Social anxiety is defined as a fear of social situations, but it’s both more and less than that. Social anxiety is the feeling of panic that happens when you need to make a phone call because you’re afraid you’ll sound like an idiot. It’s also putting up walls so it becomes difficult to get to know your real personality, so you won’t be rejected or hurt. Social anxiety is also the feeling of not wanting to enter a conversation because you’re afraid of not having anything to say. Social anxiety, also known as social phobia, is the third largest psychological problem in the United States today.

It causes lots of problems with employment, forming friendships, and other areas of life. Fortunately, social anxiety does not have to define you. There are ways to overcome your social anxiety.

Cognitive-Behavioral Therapy (CBT) is a useful approach to social anxiety. This specific type of therapy helps you practice approaching social situations while still in a safe place. A common starting point for this therapy is to make a list of anxiety-producing situations and rank them in a “fear hierarchy.” Each situation is broken down into component parts and each part of the activity is given a rank from 0 to 10. A person afraid of making phone calls would rank thinking about placing the phone call, dialing the phone, waiting for an answer, having the conversation, and hanging up. This process helps you determine how you think you feel about social situations versus how you actually feel while you’re in them. The two can be very different, often for the better.

Knowing this information can help you challenge your negative thoughts, which is crucial to overcoming your social anxiety. When you’re anxious before a social situation, you will be able to say to yourself “Did it go as badly as I was afraid of last time?” One key thing to remember is that simply getting through the experience you were afraid of is worth a reward. After the fact, focus on that instead of constantly mentally rehashing the experience. You may want to consider investing in professional care and any necessary medication.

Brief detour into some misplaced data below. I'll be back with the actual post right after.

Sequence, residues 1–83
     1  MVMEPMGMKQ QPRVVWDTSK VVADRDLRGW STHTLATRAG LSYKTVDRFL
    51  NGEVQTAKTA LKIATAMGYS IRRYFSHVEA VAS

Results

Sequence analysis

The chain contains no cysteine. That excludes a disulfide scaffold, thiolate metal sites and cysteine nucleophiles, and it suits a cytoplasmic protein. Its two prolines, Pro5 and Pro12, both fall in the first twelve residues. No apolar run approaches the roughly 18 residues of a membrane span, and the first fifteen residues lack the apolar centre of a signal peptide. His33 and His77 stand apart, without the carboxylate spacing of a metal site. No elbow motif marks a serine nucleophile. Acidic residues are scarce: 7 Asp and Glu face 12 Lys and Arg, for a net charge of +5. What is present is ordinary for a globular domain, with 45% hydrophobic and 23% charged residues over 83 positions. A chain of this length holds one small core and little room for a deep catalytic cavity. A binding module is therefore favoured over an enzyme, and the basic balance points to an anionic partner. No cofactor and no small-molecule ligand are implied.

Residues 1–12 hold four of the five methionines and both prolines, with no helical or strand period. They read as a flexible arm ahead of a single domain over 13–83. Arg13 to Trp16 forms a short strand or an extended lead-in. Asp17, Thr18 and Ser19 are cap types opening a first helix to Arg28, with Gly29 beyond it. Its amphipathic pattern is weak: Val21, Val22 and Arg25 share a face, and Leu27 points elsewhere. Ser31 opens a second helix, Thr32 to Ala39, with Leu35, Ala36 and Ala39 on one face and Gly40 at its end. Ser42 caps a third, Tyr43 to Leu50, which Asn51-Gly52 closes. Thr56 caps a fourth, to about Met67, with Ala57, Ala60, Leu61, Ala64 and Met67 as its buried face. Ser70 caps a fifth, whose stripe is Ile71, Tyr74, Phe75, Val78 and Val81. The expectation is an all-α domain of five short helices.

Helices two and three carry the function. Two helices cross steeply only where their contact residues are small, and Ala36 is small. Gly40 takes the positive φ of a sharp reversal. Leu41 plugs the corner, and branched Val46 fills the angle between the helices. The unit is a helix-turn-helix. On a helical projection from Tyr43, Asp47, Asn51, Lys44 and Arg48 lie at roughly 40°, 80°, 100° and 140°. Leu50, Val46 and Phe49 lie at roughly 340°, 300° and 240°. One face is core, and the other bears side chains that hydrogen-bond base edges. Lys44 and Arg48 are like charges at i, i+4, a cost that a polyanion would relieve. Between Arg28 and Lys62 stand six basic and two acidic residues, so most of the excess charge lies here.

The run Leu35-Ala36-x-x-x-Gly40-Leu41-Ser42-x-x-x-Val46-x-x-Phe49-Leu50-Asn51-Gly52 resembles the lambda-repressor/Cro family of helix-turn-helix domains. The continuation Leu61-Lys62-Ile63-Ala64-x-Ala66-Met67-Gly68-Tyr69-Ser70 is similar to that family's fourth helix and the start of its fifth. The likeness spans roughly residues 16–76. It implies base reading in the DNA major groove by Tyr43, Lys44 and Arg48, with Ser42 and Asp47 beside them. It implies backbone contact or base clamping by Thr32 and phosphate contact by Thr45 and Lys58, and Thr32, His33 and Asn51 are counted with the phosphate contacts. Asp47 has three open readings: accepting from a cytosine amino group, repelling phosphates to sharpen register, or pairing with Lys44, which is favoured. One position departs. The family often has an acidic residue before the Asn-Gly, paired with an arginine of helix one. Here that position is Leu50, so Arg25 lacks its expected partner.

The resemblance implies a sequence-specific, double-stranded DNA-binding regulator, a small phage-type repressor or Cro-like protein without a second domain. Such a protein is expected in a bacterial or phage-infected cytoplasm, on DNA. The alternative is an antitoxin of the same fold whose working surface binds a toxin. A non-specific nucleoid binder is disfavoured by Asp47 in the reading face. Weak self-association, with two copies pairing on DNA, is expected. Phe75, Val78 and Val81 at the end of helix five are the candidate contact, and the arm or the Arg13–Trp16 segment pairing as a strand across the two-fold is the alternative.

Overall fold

That’s not to say it’s an easy process. It’s really not. It takes work and courage just to begin to overcome social anxiety. Put another way, beginning to overcome social anxiety demonstrates the courage you already have. One thing you can do to make the process easier is to develop your own anxiety first aid kit. It should be filled with items that bring you comfort when you need it. It can be as literal as a box of crayons and a coloring book, or something like watching an episode of your favorite television series. Fill your first aid kit with whatever you reliably find soothing. You can also use your first aid kit to reward yourself after successfully getting through a social event. The point is to feel like it’s something special.

The last little while before attending a social event can be the most anxiety-inducing. To help you deal with the stress, try distractions like a game app, your favorite hobby, or a craft project. If you feel alone, there are some great blogs dedicated to overcoming anxiety that offer perspectives and advice on how to overcome your social anxiety.

Even though this process is not easy, there is no way to fail as long as you don’t give up. There’s no magic involved, just lots of repetition and introspection. New ways of thought have to be practiced in order to be effectively learned. Once the new techniques and thought patterns are mastered, you will be able to live the life you want, one that’s free from social anxiety. It’s worth the effort.



  • Bonnie is a Certified Life Coach. She received a Master's Degree in Psychology from the University of Chicago. She works to identify imbalances and deficiencies and create individualized therapies to improve overall health and wellness.